step past what you consider ‘acceptable behavior’ and then, you may bend the rules

even more the next time.

Society may have gone down its own ‘slippery slope.’  People may have memories

of movies that used to be rated, “M” which meant they were “Recommended for

Mature Audiences Only.” It used to be much more prevalent to find movies which

were rated “G.” Now, most movies fall in the “PG-13” and rated “R” categories.

 

In 2006, a movie called, “Slippery Slope,” was made about a female filmmaker, who

directs a porn film while working on her thesis. (Fictional)

 

In the areas of  government, legal and politics, compromising can be considered

‘normal.’  The idea becomes like a domino effect where ‘one bad decision leads to

another.’ An example of this could be made that the senator got the bill passed by

talking to lobbyists, along with bargaining with senators on both sides of the issue.

Another example of going down that ”slippery slope” in business, employees may be

encouraged to ‘fudge’ on their records, documents and paper work.  This is risky

business, since it could be found through company audits or worse still, the IRS

could discover the less than honest paper trail.  The IRS and government watch-

dog groups can pursue legal ramifications or bring criminal actions against those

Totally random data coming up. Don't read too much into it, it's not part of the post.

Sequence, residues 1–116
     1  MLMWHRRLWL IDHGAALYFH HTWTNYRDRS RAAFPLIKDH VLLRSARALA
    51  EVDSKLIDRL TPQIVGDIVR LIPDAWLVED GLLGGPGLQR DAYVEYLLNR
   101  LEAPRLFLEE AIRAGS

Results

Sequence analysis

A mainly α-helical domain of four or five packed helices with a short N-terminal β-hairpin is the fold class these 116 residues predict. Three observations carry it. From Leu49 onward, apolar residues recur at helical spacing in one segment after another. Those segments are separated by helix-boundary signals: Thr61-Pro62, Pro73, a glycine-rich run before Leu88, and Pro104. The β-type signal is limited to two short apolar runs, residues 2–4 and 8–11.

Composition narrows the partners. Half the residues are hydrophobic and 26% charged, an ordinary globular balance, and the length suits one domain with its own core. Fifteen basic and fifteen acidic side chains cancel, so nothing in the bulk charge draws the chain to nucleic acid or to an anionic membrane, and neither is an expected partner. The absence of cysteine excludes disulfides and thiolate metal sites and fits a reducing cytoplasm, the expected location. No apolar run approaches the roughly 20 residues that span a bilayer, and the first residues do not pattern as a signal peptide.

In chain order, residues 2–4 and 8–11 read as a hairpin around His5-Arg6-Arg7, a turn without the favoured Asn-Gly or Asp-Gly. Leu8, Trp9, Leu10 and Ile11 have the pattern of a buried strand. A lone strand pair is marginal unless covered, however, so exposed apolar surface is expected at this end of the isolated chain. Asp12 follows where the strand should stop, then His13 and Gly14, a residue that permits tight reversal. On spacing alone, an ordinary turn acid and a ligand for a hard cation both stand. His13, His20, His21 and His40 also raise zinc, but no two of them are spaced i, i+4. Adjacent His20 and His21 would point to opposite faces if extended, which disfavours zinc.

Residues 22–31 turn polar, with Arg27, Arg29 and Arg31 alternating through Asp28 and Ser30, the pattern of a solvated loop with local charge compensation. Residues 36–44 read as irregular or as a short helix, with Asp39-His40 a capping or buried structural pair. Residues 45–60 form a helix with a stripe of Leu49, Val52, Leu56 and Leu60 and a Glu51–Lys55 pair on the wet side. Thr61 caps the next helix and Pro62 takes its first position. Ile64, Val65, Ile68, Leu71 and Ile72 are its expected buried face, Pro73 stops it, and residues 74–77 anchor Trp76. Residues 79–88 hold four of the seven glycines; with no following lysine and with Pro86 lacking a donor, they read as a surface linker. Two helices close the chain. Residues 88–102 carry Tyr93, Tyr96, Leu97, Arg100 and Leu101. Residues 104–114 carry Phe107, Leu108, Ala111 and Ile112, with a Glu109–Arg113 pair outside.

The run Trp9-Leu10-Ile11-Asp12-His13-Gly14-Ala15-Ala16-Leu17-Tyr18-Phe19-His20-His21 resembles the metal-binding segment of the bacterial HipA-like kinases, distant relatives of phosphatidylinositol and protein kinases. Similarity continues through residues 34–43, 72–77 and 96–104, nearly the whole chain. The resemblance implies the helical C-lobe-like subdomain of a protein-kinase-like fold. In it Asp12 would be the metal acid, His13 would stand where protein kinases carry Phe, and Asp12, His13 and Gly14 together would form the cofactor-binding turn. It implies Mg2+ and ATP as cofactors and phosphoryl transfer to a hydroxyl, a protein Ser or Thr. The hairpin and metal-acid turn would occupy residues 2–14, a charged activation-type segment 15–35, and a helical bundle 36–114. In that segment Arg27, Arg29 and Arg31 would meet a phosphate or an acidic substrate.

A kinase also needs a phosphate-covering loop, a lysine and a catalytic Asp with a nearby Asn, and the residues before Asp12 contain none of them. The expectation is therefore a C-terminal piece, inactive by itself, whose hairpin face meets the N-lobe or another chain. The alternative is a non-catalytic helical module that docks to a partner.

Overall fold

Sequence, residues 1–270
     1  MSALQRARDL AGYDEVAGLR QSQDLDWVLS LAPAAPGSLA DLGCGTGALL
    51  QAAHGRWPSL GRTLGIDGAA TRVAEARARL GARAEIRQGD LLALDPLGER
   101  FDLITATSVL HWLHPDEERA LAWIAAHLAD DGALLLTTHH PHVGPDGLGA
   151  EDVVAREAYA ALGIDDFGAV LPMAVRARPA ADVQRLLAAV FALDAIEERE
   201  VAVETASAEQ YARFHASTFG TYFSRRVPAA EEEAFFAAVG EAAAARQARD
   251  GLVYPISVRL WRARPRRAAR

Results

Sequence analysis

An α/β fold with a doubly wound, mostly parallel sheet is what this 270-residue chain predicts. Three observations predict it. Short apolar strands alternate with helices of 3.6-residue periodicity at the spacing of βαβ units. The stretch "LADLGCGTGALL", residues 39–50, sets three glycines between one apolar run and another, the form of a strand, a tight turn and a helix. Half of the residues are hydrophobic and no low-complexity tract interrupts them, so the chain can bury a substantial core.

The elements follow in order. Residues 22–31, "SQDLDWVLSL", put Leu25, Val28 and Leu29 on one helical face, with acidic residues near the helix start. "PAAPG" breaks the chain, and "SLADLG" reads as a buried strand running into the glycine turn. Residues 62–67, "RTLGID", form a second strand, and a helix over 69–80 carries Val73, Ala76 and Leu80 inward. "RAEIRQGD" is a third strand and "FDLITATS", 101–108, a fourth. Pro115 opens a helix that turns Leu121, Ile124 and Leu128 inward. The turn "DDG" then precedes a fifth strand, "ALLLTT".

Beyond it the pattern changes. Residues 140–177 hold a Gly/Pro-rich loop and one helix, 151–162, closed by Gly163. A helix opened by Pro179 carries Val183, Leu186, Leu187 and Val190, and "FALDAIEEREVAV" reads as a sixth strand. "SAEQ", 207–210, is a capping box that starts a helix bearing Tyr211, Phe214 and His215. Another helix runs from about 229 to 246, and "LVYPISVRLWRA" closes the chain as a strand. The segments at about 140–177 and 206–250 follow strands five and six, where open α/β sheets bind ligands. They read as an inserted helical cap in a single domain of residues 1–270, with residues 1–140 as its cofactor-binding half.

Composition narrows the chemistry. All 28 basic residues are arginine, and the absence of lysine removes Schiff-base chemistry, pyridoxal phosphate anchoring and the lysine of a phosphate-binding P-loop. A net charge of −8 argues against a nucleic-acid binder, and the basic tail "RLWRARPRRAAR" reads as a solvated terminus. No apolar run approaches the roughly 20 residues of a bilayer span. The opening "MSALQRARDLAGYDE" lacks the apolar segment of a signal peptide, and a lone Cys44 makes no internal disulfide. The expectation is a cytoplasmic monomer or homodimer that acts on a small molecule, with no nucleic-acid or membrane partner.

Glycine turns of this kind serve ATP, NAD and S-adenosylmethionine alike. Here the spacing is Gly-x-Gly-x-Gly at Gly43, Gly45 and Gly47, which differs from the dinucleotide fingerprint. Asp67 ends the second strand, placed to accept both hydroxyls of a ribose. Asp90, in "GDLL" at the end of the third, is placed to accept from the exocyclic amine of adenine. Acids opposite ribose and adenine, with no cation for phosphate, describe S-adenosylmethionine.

who have gone too far. Agencies should not practice following this fallacy:  “The

end justifies the means.”

 

Since many of us love trees, I would be remiss not to mention the slippery elm tree

which has a fragrant inner bark and is a North American hardwood. I don’t have my

Dad around to ask him  what kind of ‘elm blight’ disease our trees had. We had to cut

down several elms while I was in high school, but probably were not slippery elms. I

do remember being sad in the summer since they had provided us much shade, but

(sorry for this) in the fall, it meant less leaves to rake.

 

There once was a movie with the town of Slippery Rock. I thought it was a Western?

There is a town in Pennsylvania called Slippery Rock.

 

In the movie, “Hot Fuzz” there is music from 60’s and 70’s British Rock music which

incluides a song called, “Slippery Rock 70’s” written by Nigel Fletcher. This music is

police-themed, light hearted in tone music. (Goofy, funny movie.)

 

Everyone who is familiar with his music and has heard the song, “Slip Sliding Away,”

may be surprised its 10 years since it came out. This frolicy song written and sung by

Paul Simon on his album, “Still Crazy After all These Years.” (2004)

 

 

Languages, with their roots of words, are so fascinating to me. I enjoy the study of

words, their meanings and history sometimes going as far back as Latin or Greek. It

is interesting to learn how they have evolved or changed in usage. Language and the

ways cultures interpret words captures my mind, too.

I hope this post about the etymology of the word, “slippery,” was a fun read for you.

It may show up in your next short story, article or you may add a shady character

who is rather ‘slippery’ when it comes to being captured by the police authorities.

 

If you speak or know a different language, let me know how ‘slippery’ is written/

translated. Does the meaning of ‘slippery’ stay the same? Or does it change slightly

in its meaning?

To start the ball rolling, “resbaladiza” is the Spanish word for slippery.

Just wondering, since I would not wish it to be lost in translation.